A Morning of Broken Dreams at the Quik Pro

The volatility of French beachbreaks is a well documented fact; a spitting pyramid peak can all to soon become a 200 metre closeout. Unfortunately, day four of the Quik Pro saw a surplus of the latter.

The action began under a somber sky with the remaining heats of round four. John John instigated proceedings with a running tube which raised expectations, but the dredging low tide bank, coupled with a dead west swell, meant very little was on offer beyond a sandy beating.

Slater stumbled to a win with a ten point total, then moments later, Gabriel Medina unearthed a diamond in the rough with a near perfect frontside tube.

"Ah I smashed it out there," said Kelly, laughing. "Me an Brett were just laughing at the end, it was painful. The waves just aren't very good that's all, and there's not much we can do about it. This real Westerly direction means the waves have no opportunity to peak up."

The start of round five saw little improvement in conditions, with a strengthening southerly wind, and competitors squeezing through non-existent doggy doors. Burrow was eliminated by Fanning in a painful heat in which neither surfer surmounted the five point mark. The result puts an end to Burrow's fledgling title hopes.

"When I knew I was going to have Taj, you know he's been in form for the last couple of events and he's been ripping," said Fanning. "I knew it was going to be a really big heat, but the waves didn't really come to play. I just snuck a couple of head dips and he didn't have much, it was really difficult out there."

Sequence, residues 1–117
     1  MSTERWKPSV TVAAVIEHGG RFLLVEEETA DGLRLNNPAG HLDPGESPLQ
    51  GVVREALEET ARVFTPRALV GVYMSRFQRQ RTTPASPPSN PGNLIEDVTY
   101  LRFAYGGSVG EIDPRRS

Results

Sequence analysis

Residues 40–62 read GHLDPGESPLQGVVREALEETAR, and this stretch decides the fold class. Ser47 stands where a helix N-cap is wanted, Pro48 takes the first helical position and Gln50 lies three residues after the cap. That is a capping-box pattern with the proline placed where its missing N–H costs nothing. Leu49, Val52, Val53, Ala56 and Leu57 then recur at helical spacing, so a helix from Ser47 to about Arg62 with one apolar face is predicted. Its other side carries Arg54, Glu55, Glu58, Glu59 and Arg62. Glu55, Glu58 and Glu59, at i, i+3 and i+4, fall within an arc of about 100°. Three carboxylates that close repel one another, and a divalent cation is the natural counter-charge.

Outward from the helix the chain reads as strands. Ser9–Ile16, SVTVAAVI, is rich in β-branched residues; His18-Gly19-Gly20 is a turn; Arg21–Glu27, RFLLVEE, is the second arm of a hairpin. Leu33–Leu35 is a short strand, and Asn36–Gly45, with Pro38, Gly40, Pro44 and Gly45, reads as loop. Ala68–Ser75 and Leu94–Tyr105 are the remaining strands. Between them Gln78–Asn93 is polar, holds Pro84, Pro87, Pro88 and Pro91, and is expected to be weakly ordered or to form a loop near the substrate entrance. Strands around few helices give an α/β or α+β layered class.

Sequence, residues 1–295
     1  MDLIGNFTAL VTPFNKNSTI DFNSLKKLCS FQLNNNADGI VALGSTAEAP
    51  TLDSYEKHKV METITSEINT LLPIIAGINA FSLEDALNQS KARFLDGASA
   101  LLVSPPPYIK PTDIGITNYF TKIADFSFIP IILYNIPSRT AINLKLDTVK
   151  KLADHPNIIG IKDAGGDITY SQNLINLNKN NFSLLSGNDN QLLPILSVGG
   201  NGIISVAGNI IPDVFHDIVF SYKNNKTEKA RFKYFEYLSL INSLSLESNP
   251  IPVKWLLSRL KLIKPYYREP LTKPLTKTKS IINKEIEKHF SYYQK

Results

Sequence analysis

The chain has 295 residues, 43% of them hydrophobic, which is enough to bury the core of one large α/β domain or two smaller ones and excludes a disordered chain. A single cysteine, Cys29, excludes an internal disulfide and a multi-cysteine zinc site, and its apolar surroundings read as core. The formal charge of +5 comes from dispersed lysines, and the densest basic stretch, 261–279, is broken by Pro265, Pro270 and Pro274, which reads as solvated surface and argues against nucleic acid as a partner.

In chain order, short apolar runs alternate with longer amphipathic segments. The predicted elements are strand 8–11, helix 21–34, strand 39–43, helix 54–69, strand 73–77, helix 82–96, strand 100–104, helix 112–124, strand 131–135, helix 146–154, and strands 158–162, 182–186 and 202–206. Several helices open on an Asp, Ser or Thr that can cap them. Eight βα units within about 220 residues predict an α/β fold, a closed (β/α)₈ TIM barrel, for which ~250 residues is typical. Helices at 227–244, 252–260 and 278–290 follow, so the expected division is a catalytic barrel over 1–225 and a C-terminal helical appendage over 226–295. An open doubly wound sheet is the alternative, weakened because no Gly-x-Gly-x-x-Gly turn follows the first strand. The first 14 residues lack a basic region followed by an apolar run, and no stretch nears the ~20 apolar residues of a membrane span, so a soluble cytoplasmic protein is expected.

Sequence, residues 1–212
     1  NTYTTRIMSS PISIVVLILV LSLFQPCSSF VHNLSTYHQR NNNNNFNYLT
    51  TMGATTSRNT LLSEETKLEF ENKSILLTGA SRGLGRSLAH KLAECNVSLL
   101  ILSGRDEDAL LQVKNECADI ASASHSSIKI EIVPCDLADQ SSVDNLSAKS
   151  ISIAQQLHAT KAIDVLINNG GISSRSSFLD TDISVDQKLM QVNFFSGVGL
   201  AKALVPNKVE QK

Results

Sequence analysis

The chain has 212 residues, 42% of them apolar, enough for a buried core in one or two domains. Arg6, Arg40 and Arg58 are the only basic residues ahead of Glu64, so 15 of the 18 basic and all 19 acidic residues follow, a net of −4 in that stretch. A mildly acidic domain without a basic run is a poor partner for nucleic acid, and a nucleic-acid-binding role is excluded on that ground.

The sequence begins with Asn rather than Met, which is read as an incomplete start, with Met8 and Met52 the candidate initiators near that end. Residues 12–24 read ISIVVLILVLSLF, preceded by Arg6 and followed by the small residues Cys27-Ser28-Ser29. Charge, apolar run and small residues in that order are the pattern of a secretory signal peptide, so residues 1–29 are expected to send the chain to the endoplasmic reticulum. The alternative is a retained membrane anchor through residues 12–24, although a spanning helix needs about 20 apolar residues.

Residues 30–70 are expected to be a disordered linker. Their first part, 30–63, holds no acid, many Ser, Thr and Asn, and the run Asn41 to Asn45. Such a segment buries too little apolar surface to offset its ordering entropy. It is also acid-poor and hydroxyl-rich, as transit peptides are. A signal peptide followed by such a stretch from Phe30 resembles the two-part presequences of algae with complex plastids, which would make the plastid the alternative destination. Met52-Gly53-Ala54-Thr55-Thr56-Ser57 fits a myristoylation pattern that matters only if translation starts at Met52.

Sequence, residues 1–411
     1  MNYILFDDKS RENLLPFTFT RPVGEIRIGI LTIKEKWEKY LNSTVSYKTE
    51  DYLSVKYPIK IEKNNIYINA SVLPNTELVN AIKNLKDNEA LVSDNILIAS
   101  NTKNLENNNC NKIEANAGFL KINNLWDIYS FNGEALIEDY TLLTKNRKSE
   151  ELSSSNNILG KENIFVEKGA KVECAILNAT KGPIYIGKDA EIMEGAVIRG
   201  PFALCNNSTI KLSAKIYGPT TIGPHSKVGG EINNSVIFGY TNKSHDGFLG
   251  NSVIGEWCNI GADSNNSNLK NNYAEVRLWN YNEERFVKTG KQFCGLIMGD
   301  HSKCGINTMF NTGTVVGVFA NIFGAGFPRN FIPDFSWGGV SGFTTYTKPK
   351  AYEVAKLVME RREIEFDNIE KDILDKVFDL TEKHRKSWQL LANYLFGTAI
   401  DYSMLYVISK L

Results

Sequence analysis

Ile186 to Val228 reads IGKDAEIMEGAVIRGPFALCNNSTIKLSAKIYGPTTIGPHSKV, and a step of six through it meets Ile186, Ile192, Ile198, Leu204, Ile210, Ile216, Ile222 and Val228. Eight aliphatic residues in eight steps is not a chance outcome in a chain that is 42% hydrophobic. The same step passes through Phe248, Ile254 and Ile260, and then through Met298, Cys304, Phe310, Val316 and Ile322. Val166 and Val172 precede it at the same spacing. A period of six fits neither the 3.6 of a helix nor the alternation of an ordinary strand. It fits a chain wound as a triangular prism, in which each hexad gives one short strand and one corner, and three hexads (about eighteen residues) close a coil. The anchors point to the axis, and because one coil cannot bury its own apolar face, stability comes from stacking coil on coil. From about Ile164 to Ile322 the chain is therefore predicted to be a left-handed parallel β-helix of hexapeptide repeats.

As the cross-shore wind added yet more chop to the surface, Miky Picon's hopes of finishing off the contest were rapidly dispelled. However, the increasingly difficult conditions arguably made for a more compelling spectacle. Competitors were left with the tough decision whether to continue hunting barrels, or take to the air.

Felipe Toledo made his strategy clear from the start, defeating title hopeful, Jordy Smith, with a pair of clean boosts. Following suit Julian Wilson trounced Brett Simpson with a selection from his refined aerial repertoire.

With the morning pain au chocolat not yet fully digested, the organisers succumbed to the adverse conditions and ushered in the final rounds of King of the Groms.

Extinguished like a flickering flame in a French thunder storm, the title hopes of Taj and Jordy are no more. Tomorrow will be smaller again, and if the contest site remains at La Graviere, competitors will probably be once again faced with sparse scoring potential. This does not, however, negate the possibility of a dramatic final day.

Struan Gray

Writer and Content Manager